It has been roughly two months since China threatened to impose a 25% tariff on US energy imports (it eventually went back on those threats), and less than two weeks since the latest round of tariffs has been implemented. But even as China has shied away from its threats to punish the US energy industry, Reuters data are showing that imports of US oil to China have ground to a halt.
Confirming the data, Xie Chunlin, the president of China Merchants Energy Shipping Co, said on Wednesday that crude oil shipments to China have "totally stopped" as the trade war has taken its toll, reversing growth in what had been a rapidly expanding market for US shale producers.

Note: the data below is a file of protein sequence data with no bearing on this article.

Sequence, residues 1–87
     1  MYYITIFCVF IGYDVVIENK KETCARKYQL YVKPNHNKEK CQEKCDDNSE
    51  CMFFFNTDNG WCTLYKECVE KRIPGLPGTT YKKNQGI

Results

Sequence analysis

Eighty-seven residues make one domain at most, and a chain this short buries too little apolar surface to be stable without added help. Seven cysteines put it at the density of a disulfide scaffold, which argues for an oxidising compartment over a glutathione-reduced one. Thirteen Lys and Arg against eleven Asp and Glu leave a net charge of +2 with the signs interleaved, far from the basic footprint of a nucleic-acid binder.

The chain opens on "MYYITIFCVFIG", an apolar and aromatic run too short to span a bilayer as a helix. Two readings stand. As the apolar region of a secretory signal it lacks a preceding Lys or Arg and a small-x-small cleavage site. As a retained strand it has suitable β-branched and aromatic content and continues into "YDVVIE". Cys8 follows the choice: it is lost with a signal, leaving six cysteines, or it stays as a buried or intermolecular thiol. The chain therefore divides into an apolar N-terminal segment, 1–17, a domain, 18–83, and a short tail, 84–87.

"We are one of the major carriers for crude oil from the U.S. to China. Before (the trade war) we had a nice business, but now it’s totally stopped," Chunlin said on the sidelines of the Global Maritime Forum’s Annual Summit in Hong Kong.
"It’s unfortunately happened, the trade war between the U.S. and China. Surely for the shipping business, it’s not good," the CMES president said.
He also said the trade dispute was forcing China to seek soybeans from suppliers other than the United States, adding that China now bought most its soybeans from South America.
Read the entire article